Paul: If you have 250 or 300 dollars to spend on a computing device. Obviously you can get a mini tablet and those are good for some people. I think for a lot of kids, younger people depending on your needs that's a nice machine to have. Some people need the big screen just to see it, some people need the full size keyboard because they do have to type whatever it may be. I think most of these things contrary to the kind of portable form factor that you see, are in fact used in a home or out in a school room. I don't believe they are taken to airports, I don't see Chromebooks in the air. I don't see people using them on the go. But that is going to change because the other half of this story is that Google is on it’s own little rapid release cycle. They've been upgrading Chrome OS at a very rapid rate. We see a lot more off line apps and we see these kind of native app capabilities coming to Chrome as well. It is interesting that as Microsoft is also pushing notion that HGML is a viable platform for applications, you know Google has this in Chrome OS. That reality has made Chrome OS a viable reality as well. Just a quick note, we didn't talk about this in my would be, but with the Macbook Air starting at just 900 dollars. The cheepest portable Mac ever made. You can see this window we have for PC's where 250 and below is kind of mini tablet, Chrome OS and now 900 bucks and above is pretty much the realm of Mac. That's the part of the market where the Mac sells really well. Compared to Windows PC's because you can look at Mac's vs. Windows PC's overall and it is 7 or 8%. But I bet in the the 1,000 dollar plus market they are like 50% or something. I wouldn't be surprised if it wasn't a much much higher percentage. So we see the effective change in that.

Leo: So where does Microsoft go in that?

Mary Jo: I think where they go is, is they develop Windows on ARM more fully. This to me is their answer to Chromebooks going forward. Which is have a skew of Windows which is very locked down.

Leo: That is the key. The Chromebook is popular not merely because it is cheap but because it is simple and secure.

Paul: It’s basically no maintenance. It is funny because it is familiar, it looks like Windows.

Leo: Right, like 90% of the people are doing it with Windows anyway. This palm thing is a Mcguffen, their not taking it in an airplane, you’re right, Paul.

Paul: Not yet but they could over time.

Leo: So it does have price going for it, but more importantly it has simplicity. So can Microsoft, Mary Jo, can Microsoft do something that simple?

Mary Jo: We know they are trying to build a new skew of Windows that probably is Windows 9 thing. That probably is going to be an updated version of what is now Windows RT. So it’s going to be more locked down, more simple, things are going to me updated without user intervention necessary through the store. It is going to be the same skew basically that also runs on phones. By that point you’re going to start to have a common store for phones and Windows.

Paul: By definition that wouldn't have a desktop right?

Mary Jo: Right, by definition wouldn't have a desktop. Once we get to that point you don't have that experience where you’re being switched from one thing to another. Right now on Windows RT that's for Office apps only pretty much. There are a few things that also run on the desktop. This would be like no desktop, you’re running the Gemini apps and it’s a very simple, locked down, very modern environment. I think that's what they are going to try and pitch against Chromebooks.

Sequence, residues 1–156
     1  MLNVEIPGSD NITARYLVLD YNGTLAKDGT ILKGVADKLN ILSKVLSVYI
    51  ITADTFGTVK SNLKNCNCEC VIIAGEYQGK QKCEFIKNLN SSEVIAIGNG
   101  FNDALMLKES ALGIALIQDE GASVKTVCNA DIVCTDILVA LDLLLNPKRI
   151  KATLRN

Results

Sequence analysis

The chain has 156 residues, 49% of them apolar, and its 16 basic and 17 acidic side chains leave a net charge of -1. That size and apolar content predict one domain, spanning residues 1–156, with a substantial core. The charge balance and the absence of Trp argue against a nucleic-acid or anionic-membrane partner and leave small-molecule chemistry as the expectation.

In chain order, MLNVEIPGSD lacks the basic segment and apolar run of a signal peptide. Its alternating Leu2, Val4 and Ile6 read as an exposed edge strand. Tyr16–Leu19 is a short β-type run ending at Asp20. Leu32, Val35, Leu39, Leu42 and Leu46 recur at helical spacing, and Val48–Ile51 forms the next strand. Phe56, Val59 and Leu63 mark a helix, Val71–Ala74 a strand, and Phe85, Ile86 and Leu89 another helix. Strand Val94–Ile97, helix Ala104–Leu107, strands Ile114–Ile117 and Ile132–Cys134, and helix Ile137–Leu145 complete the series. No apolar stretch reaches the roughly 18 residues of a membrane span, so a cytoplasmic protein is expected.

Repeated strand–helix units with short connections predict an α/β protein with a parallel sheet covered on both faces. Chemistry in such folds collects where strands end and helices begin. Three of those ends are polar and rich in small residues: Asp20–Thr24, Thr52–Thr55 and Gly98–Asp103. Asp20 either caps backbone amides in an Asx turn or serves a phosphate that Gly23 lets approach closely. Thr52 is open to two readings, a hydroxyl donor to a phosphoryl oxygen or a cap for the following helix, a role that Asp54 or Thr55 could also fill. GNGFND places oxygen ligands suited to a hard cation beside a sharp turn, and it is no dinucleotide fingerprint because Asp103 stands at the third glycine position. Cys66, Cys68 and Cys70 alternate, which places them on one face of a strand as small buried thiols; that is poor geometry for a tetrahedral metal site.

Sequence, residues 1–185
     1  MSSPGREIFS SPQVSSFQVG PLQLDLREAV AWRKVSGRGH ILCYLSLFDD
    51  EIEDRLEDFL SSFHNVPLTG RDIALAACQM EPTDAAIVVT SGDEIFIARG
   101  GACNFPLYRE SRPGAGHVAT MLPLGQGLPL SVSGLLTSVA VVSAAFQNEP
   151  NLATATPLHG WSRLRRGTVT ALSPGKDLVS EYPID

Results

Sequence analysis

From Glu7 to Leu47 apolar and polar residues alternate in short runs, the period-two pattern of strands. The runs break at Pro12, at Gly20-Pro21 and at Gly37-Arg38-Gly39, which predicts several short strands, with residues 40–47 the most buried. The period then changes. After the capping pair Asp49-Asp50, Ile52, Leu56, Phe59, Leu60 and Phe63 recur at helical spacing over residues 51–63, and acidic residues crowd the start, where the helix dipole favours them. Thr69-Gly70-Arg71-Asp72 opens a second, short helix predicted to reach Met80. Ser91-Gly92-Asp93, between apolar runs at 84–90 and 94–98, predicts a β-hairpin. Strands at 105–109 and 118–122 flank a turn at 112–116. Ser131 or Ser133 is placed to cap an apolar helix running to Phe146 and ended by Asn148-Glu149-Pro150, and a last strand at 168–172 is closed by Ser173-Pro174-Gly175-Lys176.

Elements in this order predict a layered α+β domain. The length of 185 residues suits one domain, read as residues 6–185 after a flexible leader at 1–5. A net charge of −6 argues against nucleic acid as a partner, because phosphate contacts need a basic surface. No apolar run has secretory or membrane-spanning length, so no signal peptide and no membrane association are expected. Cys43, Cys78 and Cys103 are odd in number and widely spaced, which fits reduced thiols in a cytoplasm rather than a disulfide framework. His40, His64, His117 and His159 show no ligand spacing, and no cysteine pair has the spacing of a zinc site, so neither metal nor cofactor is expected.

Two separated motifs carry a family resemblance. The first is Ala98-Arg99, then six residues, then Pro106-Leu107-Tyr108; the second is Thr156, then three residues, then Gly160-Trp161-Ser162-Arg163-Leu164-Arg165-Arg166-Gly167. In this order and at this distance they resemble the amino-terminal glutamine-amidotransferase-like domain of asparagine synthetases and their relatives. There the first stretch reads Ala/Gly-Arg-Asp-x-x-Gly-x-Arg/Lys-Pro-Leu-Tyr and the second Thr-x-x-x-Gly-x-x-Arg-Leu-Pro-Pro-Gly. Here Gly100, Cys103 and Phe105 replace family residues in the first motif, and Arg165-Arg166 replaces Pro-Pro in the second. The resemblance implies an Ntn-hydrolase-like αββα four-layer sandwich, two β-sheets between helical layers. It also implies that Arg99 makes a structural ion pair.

Paul: A lot of people make fun of Surface because it is this tablet that has this click on keyboards and everything. But I think the interesting thing about a fully realized Surface plus this Windows minus desktop OS is that it can do either one of those things. A future Surface running this OS could be the Chromebook style laptop kind of thing but you can detach the keyboard and it’s a nice tablet too.

Leo: I think they could really ease a lot of pain by doing this. Because there are still people who buy Windows machines because Windows is a personal computer, so that's what you buy and it is way more than what they should have. Way more than they need, completely baffling to them. But they would buy and explorer book. Their nervous about a Chromebook, their nervous about an Ipad. They think that a computer means Windows. So give them Windows but it’s really just a browser. Something simple clean. I guess metro apps are fine.

Paul: It's a mobile environment is what it is. It is a little bit more like Android but it has Office obviously.

Leo: But that's not Chromebooks are. Like you said they look like Windows. They feel like a computer.

Paul: Right but again the world is changing. So there is a little bit of user education that is required here. There are Android machines that you can attach a keyboard. You can attach a keyboard to an Ipad, it is possible and those things probably work okay.

Leo: We've always asked why is Google doing 2 OS's? Why are they doing Chromebook and Android because clearly an Android would do everything a Chromebook does.

Paul: Right.

Leo: I think the reason is that they think people want a computer.

Paul: Right and I am sort of coming around to that myself. Because I think it was HP had sort of released a video about some Chrome based laptop that they are coming out with. When you look at Chrome on that thing it is funny how off it seems. It doesn't seem very natural whereas Chrome OS does look familiar. It has something that looks like a start menu, it’s got something that looks like a task bar, it’s got a desktop.

Leo: The tasks are in the task bar. Don't tell anybody the difference.

Paul: That would help people make the transition. Maybe it is really the year of desktop Lenox?

Leo: I think it is. So you think Microsoft might do this. The argument is that it undermines the brand, what is Windows then?